A 2011 national school climate survey by the Gay, Lesbian and Straight Education Network shows schools are not always safe now.
In a survey of 245 lesbian, gay, bisexual and transgender high school students in North Carolina, 86 percent reported being called names or threatened because of their sexual orientation. Thirty-eight percent said they had been pushed or shoved because of it, and 18 percent said they had been punched, kicked or injured with a weapon.
Of those harassed or assaulted at school, 60 percent never reported it to school officials; 57 percent never told a family member.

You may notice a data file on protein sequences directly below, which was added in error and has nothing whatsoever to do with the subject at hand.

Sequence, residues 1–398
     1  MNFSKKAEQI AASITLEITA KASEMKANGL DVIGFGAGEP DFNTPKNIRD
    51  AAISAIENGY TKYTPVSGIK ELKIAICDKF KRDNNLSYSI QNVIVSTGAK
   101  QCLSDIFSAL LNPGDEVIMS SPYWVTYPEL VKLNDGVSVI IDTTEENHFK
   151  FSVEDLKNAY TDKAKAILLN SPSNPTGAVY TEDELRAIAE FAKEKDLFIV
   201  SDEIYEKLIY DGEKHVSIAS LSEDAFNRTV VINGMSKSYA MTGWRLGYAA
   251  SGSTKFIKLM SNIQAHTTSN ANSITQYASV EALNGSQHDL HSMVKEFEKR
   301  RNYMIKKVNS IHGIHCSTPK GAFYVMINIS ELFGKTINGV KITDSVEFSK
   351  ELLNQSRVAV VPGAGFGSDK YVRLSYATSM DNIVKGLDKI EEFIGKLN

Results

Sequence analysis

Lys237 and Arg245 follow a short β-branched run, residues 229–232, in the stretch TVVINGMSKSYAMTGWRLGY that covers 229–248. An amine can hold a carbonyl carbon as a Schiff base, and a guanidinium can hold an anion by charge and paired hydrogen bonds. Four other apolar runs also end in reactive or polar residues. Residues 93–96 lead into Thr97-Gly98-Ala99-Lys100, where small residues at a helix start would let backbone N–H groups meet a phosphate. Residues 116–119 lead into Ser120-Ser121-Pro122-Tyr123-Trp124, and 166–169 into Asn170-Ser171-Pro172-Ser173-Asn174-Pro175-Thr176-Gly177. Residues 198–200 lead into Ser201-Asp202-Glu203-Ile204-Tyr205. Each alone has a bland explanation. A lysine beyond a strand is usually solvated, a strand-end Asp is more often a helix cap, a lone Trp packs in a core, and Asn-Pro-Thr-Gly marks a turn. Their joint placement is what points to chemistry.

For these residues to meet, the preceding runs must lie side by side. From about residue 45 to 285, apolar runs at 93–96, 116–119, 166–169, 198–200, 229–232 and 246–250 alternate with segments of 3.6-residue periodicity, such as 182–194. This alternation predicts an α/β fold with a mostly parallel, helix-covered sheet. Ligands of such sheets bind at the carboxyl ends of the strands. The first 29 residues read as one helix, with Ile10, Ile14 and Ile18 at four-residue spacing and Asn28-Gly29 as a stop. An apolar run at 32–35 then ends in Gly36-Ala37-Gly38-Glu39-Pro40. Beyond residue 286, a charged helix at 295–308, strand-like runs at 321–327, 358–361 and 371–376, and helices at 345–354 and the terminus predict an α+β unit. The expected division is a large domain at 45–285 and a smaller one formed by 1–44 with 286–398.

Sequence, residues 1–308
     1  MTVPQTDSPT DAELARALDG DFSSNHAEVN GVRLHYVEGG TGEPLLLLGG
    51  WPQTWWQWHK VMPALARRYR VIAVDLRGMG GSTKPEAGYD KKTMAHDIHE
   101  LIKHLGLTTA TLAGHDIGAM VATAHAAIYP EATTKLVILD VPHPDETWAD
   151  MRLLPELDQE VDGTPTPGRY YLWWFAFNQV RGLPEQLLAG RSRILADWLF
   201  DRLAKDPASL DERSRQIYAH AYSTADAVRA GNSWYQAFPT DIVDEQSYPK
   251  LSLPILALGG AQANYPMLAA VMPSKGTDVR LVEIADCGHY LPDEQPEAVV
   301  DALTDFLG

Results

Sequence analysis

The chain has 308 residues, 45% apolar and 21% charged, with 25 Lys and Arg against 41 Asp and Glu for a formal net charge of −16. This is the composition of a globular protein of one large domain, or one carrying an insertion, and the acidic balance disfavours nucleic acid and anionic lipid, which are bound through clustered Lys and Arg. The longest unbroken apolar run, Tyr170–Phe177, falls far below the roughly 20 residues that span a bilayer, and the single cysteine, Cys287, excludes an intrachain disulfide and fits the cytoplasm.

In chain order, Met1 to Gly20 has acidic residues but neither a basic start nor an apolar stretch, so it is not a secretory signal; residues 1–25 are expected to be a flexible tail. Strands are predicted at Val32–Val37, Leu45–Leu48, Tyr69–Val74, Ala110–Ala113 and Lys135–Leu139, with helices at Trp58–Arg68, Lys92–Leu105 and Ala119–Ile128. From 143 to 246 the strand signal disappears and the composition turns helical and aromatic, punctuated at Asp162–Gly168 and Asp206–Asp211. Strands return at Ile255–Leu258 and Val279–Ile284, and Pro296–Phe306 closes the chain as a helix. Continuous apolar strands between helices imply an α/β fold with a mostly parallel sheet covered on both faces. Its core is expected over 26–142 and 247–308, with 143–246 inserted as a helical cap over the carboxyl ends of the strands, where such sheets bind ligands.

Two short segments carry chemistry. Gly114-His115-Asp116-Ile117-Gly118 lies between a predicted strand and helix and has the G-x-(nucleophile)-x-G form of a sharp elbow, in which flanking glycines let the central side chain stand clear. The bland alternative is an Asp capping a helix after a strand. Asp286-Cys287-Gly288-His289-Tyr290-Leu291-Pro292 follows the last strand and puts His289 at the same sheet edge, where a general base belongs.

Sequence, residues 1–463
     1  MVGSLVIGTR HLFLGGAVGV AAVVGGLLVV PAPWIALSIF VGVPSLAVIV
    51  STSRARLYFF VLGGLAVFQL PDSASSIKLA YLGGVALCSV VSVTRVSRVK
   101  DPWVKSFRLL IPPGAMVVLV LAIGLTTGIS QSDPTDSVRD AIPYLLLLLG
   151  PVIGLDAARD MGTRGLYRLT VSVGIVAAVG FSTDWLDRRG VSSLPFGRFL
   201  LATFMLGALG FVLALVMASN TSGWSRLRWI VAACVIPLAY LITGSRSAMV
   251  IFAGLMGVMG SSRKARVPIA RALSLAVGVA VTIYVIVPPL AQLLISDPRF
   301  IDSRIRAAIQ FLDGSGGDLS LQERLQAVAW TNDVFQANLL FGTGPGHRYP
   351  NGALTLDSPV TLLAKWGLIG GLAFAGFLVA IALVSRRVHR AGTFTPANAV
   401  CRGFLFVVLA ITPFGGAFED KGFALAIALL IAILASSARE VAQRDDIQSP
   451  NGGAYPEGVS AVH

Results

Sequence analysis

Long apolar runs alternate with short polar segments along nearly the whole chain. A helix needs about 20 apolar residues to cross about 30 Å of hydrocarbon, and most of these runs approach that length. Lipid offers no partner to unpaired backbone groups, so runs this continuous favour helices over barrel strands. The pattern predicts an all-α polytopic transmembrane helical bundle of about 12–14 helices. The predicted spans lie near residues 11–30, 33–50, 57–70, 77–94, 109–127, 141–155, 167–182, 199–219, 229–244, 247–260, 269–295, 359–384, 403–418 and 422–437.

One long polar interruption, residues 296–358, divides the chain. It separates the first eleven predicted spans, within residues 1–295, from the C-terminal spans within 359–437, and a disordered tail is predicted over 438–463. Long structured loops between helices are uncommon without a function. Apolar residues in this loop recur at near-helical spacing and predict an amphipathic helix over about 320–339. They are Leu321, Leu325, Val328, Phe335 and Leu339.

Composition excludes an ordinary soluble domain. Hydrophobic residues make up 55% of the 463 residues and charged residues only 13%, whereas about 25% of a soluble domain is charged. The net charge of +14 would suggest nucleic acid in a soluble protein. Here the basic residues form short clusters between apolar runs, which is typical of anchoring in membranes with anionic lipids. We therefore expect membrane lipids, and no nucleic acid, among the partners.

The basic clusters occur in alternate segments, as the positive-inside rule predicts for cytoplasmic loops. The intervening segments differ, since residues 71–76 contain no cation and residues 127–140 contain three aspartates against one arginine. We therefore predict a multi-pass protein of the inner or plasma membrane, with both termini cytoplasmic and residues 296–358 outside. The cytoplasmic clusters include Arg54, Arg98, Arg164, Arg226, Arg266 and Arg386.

If any of you can be that teacher, that gave them hope, that actually listened to them, then that would mean the world to a lot of kids.
Mason Kotarakos, 16, Cedar Ridge High School
“When we look at our culture, the dominant norms prevail, and it’s reinforced every day in our (communities) and that includes schools,” said SAFE Schools NC President Meg Goodhand, an assistant principal at E.K. Powe Elementary School in Durham.
“If we don’t begin to be visible and speak up, nothing is going to change for our students who are gender diverse or who are LGBT or are perceived to be,” she said.
‘King & King’
Goodhand was at the center of a controversy at Efland-Cheeks Elementary School in rural Orange County this year when she gave teacher Omar Currie a copy of “King & King,” a gay fairy tale, to read in his third-grade class after Currie said a boy had been called gay and teased in gym class that he was acting “like a woman.”